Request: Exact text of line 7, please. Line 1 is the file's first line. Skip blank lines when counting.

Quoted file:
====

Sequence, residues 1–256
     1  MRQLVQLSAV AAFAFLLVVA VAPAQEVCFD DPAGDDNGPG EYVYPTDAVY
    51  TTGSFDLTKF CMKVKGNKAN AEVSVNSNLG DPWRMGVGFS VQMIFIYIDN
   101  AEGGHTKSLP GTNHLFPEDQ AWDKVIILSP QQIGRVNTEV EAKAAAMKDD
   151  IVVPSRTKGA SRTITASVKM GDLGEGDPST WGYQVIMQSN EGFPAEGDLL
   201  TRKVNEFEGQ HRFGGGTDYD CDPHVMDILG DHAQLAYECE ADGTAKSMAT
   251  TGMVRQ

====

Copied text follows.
   251  TGMVRQ